After recent high-profile stories about corruption being rife throughout the country, Thailand has now decided to extend the death penalty to foreigners. For a long time, the heartbeat of South East Asia has had a reputation for being corrupt, and it now wants to clear its name, so to speak. But, is the death penalty the way to do it or an over exaggeration?
One thing’s for sure; if you want to stop officials and delegates from being corrupt, threatening them with death is going to work. If it doesn’t, the Thai government doesn’t have too many options left available. And that is the crux of the issue. They are desperate to shed their skin, and they want to do it as soon as possible. It might seem extravagant to kill someone for corruption, but if it does stop it in its tracks, it has technically done its job.
Many of the critics are bound to make two arguments, however. Firstly, you can’t just go murdering people because you are not happy with their actions. Otherwise, law firms like Kraft & Associates would have plenty of cases to defend. That goes for corruption in Thailand and any other country that issues the death penalty. The population will live in fear of the repercussions of every action they make. The other issue is that the death penalty for the locals has not stopped corruption. So, why should bringing in the death penalty for foreigners make any difference? Does Thailand think that all the fraud and bribery in the country is to do with foreign officials? Of course, it takes two to tango, but not one person is at fault. It takes more than the threat of death to stop money from changing hands.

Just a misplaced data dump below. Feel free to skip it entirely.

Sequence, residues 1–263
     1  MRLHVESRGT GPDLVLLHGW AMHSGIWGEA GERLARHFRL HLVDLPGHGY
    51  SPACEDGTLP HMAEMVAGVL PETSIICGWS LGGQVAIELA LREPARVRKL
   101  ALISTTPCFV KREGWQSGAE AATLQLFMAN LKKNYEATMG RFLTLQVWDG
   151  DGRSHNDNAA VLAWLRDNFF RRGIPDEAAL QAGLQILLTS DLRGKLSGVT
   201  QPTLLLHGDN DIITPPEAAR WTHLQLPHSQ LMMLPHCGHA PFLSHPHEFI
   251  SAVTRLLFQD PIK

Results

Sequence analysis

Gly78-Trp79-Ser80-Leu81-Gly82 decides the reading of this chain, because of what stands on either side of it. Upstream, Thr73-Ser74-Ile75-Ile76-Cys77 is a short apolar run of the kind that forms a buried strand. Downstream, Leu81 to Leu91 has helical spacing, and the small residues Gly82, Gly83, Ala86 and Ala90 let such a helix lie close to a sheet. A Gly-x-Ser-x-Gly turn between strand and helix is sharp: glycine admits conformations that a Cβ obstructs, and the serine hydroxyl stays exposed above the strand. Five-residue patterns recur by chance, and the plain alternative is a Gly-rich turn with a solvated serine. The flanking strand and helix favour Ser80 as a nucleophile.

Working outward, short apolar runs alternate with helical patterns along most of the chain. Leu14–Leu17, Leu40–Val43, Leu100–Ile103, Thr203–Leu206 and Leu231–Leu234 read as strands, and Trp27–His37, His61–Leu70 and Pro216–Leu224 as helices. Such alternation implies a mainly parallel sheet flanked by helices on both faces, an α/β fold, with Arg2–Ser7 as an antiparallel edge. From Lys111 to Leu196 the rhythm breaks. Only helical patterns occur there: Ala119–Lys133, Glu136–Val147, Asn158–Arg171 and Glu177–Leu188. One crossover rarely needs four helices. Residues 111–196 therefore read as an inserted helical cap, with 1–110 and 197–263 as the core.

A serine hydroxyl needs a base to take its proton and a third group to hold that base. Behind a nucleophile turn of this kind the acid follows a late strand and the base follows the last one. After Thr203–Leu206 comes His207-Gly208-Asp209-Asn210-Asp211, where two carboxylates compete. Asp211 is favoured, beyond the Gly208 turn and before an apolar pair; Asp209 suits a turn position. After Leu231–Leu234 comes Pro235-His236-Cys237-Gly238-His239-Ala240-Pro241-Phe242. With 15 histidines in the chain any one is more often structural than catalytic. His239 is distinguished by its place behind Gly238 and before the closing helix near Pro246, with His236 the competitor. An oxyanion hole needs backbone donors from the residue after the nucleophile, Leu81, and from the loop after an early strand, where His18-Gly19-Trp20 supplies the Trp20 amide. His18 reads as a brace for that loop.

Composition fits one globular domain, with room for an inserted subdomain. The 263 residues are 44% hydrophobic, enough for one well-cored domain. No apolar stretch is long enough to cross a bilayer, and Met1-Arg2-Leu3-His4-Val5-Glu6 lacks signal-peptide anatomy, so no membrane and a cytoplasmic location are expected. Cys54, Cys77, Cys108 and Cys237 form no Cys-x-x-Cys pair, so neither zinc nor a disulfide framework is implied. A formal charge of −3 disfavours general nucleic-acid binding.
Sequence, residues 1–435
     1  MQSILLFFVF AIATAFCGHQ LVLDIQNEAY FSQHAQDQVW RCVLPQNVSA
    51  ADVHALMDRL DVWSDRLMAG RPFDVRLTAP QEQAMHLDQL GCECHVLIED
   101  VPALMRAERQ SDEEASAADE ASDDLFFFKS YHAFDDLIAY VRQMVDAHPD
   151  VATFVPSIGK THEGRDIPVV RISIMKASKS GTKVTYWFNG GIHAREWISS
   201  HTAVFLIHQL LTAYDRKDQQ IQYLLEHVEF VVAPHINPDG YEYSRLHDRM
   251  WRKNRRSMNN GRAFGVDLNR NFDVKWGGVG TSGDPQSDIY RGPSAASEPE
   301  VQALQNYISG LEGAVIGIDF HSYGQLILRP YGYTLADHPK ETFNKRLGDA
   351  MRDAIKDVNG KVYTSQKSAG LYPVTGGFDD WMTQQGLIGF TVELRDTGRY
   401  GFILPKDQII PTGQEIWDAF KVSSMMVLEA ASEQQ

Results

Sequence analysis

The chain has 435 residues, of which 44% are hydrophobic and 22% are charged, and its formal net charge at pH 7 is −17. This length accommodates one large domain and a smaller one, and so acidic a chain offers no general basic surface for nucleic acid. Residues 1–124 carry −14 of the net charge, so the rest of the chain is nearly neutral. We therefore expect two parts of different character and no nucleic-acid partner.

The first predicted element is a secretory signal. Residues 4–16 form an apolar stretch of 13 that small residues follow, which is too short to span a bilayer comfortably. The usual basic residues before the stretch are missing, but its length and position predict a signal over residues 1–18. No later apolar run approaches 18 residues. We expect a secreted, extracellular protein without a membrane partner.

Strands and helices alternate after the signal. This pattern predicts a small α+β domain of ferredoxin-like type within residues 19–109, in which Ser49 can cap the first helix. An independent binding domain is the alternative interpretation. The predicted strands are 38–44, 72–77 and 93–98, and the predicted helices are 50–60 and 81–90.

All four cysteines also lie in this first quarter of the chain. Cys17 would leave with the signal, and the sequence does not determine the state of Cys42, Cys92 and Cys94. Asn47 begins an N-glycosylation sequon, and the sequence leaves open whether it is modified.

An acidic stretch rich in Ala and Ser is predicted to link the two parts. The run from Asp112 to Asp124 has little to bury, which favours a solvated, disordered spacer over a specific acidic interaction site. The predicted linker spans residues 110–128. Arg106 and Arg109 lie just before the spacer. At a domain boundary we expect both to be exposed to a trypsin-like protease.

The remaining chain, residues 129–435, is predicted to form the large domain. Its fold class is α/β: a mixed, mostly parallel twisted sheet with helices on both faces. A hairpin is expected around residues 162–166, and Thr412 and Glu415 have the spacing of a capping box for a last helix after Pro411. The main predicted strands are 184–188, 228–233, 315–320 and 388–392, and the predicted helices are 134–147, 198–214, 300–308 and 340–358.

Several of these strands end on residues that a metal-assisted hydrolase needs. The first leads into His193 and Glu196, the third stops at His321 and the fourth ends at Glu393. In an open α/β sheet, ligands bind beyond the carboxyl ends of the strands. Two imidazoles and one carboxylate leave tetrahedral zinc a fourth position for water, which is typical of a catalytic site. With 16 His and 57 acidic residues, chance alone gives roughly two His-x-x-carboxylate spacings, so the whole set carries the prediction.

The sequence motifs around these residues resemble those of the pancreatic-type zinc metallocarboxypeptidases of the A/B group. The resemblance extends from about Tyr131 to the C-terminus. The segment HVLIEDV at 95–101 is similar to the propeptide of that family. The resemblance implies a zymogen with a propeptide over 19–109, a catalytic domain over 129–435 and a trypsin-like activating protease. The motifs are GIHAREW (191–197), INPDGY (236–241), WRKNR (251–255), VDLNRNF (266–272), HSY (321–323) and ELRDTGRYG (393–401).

But, surely the foreigners should just as culpable as those who reside there as nationals? One thing every person must do is research the country they are going to and understand the laws as they apply to them. If they don’t, they are bound to find themselves in uncomfortable positions that could result in dire consequences. Also, everyone knows that corruption in almost every corner of the globe is not tolerated and is illegal. A lot of people would argue that they don’t have much of an argument because they shouldn’t have been doing it in the first place.
At the minute, it is claimed that the new legislation is just a clever way to pin down the former Prime Minister Thaksin Shinawatra. Shinawatra was ousted by a military coup in 2006 and fled the country. But, not before he had built up a powerful following that challenged the country’s royalty and military. Apparently they have been trying to rectify that problem for nine years, and the new anti-corruption law is how they are going to do it. For example, the new law will change the statute of limitations on the amount of time a person can leave the country for before the charges are dropped. At the minute, it is twenty years, and Shinawatra has been in exile for ten.
Crime does need to be tackled head on, but Thailand is going one step too far. Not only is a there doubt that they are doing it for the right reasons, but they are also creating an atmosphere that no one should live in.